Stars, Night, Music and Light [BBC commission: world premiere]
Academic Festival Overture, Op.80 [arr. Malcolm Sargent]
Piano Concerto No.2 in A
Glagolitic Mass [September 1927 version, edited Jiří Zahrádka & Leoš Faltus]
Benjamin Grosvenor (piano)
Hibla Gerzmava (soprano), Dagmar Pecková (mezzo-soprano), Stefan Vinke (tenor) & Jan Martiník (bass)
BBC Singers & BBC Symphony Chorus
David Goode (organ)
BBC Symphony Orchestra
Reviewed by: Colin Anderson
Reviewed: 15 July, 2011
Venue: Royal Albert Hall, London
A Roger Wrightian sense of humour paired Brahms and Liszt together – cheers guys – to help open BBC Proms 2011. Greater inebriation was needed in Academic Festival Overture, a soft-grained account with overloud trumpets and thin-sounding violins, Jiří Bělohlávek dotting Is and crossing Ts but missing the swing, sparkle – and, yes, fun – this piece can yield. Decent enough, but then arrived the reason for the “arr. Malcolm Sargent” tag – his addition of a chorus for the words of ‘Gaudeamus igitur’, its tune normally happily rounding-off this thank-you work to Breslau University in resplendent orchestration. Still, with no wish to party-poop, let’s just say that Brahms knew best and that Sargent’s appendage is pointless. Moving on…
We then welcomed Benjamin Grosvenor, who turned 19 just a week before this concert, at which he became the youngest-ever Proms First Night soloist. He gave Liszt 2 a terrific outing. From the woodwinds’ beguiling opening invitation, responded to with much poetry by Grosvenor, through to the high kicks of the grandstand coda, there was a strong partnership between pianist and orchestra, Bělohlávek brokering a detailed and obliging accompaniment. He and Grosvenor appreciated Liszt’s cyclical procedures and bound them tautly and expansively into an inevitable whole. Graham Bradshaw’s cello solo was particularly lovely and Grosvenor himself delighted with his sensitivity – his quiet playing magically intimate, the Royal Albert Hall recoiling to the size of Wigmore Hall – the pianist never fazed by the occasion or the space he was playing into. Grosvenor does virtuosity, too, without banging loudly, indulgence, exaggeration or self-aggrandisement. Indeed it was his youthful maturity underpinned by a happy marriage of innate musicianship and secure technique that made Liszt’s bravura, and nocturnal reverie, so rewarding on this occasion. As an encore, Grosvenor offered a Brahms Hungarian Dance as arranged by Cziffra, pure showmanship on the latter’s part if preserving Brahms’s shape and contours, Grosvenor bringing an easeful prestidigitation that never crossed the line into empty display.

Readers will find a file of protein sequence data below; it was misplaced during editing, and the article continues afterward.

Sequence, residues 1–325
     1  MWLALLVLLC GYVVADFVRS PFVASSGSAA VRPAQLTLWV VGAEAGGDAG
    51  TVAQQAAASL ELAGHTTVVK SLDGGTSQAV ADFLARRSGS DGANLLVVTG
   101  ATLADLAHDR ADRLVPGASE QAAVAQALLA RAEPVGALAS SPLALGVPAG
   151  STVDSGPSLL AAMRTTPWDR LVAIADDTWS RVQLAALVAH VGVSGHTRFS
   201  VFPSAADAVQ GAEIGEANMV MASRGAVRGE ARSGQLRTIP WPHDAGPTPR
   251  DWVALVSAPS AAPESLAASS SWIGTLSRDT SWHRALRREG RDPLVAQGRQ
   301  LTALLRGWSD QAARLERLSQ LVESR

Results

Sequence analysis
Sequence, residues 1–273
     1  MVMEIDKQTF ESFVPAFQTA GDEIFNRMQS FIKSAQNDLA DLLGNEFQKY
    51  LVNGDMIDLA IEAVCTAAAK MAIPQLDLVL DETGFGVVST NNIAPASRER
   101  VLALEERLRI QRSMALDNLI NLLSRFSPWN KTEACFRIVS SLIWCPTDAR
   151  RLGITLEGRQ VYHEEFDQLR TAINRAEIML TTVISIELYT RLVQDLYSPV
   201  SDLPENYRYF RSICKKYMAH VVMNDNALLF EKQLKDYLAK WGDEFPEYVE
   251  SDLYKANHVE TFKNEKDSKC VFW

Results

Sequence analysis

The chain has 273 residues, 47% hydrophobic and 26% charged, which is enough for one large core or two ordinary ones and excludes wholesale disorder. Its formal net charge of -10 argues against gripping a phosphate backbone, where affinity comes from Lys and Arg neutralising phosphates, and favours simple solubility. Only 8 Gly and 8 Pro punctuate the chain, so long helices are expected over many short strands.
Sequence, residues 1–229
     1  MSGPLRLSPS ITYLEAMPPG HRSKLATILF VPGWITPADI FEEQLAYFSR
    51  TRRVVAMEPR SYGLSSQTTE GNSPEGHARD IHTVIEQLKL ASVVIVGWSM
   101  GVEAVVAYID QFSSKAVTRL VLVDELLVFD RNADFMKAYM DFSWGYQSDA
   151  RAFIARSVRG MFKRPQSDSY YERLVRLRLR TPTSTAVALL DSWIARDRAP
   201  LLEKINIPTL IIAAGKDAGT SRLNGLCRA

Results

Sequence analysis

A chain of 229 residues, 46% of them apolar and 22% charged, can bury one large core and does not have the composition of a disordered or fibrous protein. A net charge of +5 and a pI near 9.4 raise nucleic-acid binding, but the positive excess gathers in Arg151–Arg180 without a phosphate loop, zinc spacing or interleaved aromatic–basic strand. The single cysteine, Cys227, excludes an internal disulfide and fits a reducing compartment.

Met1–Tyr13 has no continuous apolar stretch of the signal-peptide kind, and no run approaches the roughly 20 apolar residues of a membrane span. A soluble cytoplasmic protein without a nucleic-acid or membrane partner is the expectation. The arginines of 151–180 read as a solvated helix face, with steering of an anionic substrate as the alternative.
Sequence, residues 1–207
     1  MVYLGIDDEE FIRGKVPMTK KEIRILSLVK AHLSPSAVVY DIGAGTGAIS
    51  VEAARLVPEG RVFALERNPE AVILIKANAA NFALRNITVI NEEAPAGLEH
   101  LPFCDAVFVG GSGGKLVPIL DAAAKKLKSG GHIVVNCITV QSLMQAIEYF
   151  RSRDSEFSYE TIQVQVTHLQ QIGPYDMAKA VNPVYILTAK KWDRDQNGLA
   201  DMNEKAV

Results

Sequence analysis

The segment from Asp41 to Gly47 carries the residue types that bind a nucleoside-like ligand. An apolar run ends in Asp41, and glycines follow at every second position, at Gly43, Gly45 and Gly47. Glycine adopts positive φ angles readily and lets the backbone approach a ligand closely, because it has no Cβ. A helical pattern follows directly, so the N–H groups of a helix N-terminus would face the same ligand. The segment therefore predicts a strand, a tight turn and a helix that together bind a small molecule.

Otherwise it was Janáček all the way, including from Judith Weir, whose three-and-a-bit-minute BBC commission, a companion to Glagolitic Mass in terms of scoring (excepting what Weir curiously referred to as “the most inaudible” instruments, such as harps and celesta) and which made for a welcome opening in terms of newness, its slightly gnarled celebration cued by three sets of timpani and brass, the choral lines (settings from George Herbert’s Man) more than glancing to Walton and disturbed by jagged interjections. The organ drowned out the brass on the final chord. In context Stars, Night, Music and Light worked well enough, but this is a very occasional piece.
Janáček’s so-original – for once “unique” can be justifiably used – Glagolitic Mass (utilising Old Slavonic/Cyrillic texts) was given in the very precisely dated version that the composer went on to alter before the first performance that took place a few months later. The earlier manuscript is more of a risk-taker and gives an even stronger profile to this cosmic creation. Bělohlávek made no concessions to its cragginess, the performers savouring the music’s savage and starlit contrasts and those awkward if irresistible turns of phrase which pulsate and chant so intensely. John Chimes played a blinder as lead timpanist, David Goode opened out the throttle of the Albert Hall organ for the instrument’s zany Doctor Phibes-like contributions, Hibla Gerzmava (standing where the mezzo should have been) and Stefan Vinke dealt fearlessly with Janáček’s challenges – she ecstatically, he heroically (the other two solo singers have negligible roles) – and the haunting off-stage appearance of three clarinets (jettisoned by Janáček before the public heard his smoother re-working) was perfectly delivered from on-high, the RAH once again demonstrably ‘shrinking’. Choral singing was exceptionally well-prepared and the BBCSO relished Janáček’s biting instrumentation while dropping the odd stitch.
This was an intoxicating performance of magnetic and hypnotic music that embraces passionate penitence and Pagan splendour. We sweltered through it, and survived – emerging fighting-fit for the remaining 89 concerts!